From the Guardian files

The Storey Institute in Lancaster.
The Storey Institute in Lancaster.
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What was happening around the district five, 10 and 25 years ago this week.

Five years ago

A Lancaster charity hoped to raise £100,000 to buy and protect a number of fields near the city centre. The Fairfield Association wanted to claim the fields before they were sold for development. The land, between the association’s new nature area and the canal near Aldcliffe Road, was likely to go up for auction in the autumn, leaving the group with an emergency fundraising effort. They hoped to join forces with other local environmental groups to raise the cash.

Fans around the district had been going football crazy in preparation for the start of the World Cup and supporters had been showing their colours in a variety of ways. Lancaster’s Ryelands estate was just one area to be adorned with England St George’s flags. The front of the Sun Dial Inn at Bentham had been painted with a giant St George’s Flag and Lancaster’s Holiday Inn had installed massive TV screens in public areas.

Just 10 years after leaving catering college Lisa Allen got the royal seal of approval. The former Carnforth High School pupil was chosen to cook for Prince Charles and his wife Camilla as part of BBC’s Great British Menu show. The footage was screened on television with Lisa’s pastry described as “fantastic” by the Prince.

Ten years ago

Up to 30 students in Lancaster had their exam grades put in jeopardy after studying the wrong books for their English exam. Around 25 pupils spent hours studying Great Expectations by Charles Dickens, only to turn their exam papers over to find questions about another Dickens classic, Hard Times.

A revamped Hipping Hall was set to reopen after a £2 million renovation and restoration project. The hall, in Cowan Bridge, had been shut for 10 months while the building work had been completed. The new-look hall was to create 20 new jobs.

Lancaster’s Maritime Festival had been nominated for a top tourism award, months after Lancaster City Council refused to continue funding the venture. Lancashire and Blackpool Tourist Board short listed the festival for its Best Tourism Experience of the Year Award.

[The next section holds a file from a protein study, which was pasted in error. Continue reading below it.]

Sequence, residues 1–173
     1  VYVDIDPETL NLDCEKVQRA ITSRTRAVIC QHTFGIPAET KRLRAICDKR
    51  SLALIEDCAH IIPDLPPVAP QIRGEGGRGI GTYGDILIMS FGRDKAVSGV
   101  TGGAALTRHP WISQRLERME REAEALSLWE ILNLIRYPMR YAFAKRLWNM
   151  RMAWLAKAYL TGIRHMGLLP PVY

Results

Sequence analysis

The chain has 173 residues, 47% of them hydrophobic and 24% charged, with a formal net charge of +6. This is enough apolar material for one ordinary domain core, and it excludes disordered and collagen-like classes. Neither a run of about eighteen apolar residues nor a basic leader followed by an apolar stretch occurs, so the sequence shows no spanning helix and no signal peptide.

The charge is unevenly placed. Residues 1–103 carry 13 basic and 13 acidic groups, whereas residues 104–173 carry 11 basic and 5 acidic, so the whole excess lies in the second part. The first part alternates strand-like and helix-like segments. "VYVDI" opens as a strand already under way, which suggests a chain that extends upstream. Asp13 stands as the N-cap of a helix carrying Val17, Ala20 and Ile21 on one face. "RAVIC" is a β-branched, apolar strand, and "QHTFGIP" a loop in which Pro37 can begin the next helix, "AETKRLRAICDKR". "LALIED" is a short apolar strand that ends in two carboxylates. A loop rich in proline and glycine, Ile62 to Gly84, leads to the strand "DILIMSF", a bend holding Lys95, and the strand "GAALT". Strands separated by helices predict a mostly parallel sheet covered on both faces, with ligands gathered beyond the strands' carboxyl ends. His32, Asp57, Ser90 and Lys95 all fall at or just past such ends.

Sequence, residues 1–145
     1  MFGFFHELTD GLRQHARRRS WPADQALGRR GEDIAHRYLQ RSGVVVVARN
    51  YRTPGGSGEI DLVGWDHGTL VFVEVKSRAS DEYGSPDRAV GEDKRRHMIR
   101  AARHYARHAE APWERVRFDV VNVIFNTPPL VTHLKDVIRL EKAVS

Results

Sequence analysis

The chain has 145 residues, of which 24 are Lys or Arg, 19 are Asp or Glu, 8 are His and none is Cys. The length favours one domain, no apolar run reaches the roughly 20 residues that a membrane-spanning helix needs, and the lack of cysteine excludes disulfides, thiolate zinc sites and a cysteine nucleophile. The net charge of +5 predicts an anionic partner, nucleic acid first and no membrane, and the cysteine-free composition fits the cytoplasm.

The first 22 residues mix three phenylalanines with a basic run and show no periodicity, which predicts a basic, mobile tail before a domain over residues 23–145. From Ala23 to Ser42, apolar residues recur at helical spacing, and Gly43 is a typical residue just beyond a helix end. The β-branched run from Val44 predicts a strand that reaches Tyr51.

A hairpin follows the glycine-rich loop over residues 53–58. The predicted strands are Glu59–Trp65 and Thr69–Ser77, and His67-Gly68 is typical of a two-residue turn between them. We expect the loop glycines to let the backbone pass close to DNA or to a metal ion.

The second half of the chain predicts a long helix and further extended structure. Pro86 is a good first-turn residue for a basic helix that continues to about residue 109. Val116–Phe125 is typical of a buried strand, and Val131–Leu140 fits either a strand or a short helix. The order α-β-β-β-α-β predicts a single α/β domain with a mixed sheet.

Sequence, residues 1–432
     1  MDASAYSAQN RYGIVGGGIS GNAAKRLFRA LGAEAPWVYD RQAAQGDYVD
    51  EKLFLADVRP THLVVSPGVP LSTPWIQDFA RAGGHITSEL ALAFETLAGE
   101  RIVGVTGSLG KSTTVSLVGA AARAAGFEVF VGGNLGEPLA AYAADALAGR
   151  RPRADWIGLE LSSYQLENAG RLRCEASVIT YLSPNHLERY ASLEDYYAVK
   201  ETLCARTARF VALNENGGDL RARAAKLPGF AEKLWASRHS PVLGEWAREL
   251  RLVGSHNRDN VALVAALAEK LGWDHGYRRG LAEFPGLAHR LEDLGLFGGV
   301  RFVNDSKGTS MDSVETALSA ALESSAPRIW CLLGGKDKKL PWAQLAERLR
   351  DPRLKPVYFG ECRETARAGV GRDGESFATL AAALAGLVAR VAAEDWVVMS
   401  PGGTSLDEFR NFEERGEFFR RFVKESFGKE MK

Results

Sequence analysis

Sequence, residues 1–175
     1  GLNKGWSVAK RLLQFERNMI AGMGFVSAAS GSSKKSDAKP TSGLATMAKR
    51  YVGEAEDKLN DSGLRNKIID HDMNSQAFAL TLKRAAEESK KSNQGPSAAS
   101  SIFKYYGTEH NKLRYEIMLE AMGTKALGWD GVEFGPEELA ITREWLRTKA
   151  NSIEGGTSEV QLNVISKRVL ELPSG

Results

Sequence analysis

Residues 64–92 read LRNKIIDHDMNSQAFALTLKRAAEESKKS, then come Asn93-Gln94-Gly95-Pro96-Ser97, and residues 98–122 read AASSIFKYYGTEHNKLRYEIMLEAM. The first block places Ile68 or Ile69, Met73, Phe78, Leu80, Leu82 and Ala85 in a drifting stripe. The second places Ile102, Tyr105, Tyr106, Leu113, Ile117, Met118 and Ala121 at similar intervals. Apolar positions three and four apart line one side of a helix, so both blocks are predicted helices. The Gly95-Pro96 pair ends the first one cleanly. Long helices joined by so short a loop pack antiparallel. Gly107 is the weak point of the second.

A continuing outbreak of mumps was causing growing concern for health bosses. Baywide there were 156 cases of the illness reported during the first five months of 2005 compared to only five cases in the same period the previous year. The outbreak was blamed on the lack of an adequate vaccine for babies born during the mid-1980s and who were then aged between 14 and 25.

25 years ago

Ambitious plans to turn Lancaster’s Storey Institute into a ‘flagship for arts and cultural development’ were unveiled before Lancaster City Council by a group of arts enthusiasts in the area. The Grade 2 listed building was owned by the city council but for many years it had been leased to Lancashire County Council and had been used for the arts and crafts sections of adult education.

Lancaster Girls’ Grammar School was to opt out of local education authority control after parents narrowly voted to go for grant maintained status. The result of the opt out ballot was announced by the Electoral Reform Society, with 409 parents voting in favour and 344 against, a 54/46 per cent split.

Headless carcasses of cattle with ‘mad cow disease’ were being dumped on Salt Ayre tip. But waste disposal officials stressed that there was absolutely no risk to staff at the landfill site, nor to members of the public. The BSE-affected cows’ heads were disposed of separately at Ministry of Agriculture, Fisheries and Food laboratories.

A city council mobile cash and information office set off for the rural district. The distinctive blue van would not only collect the community charge but also council house rents.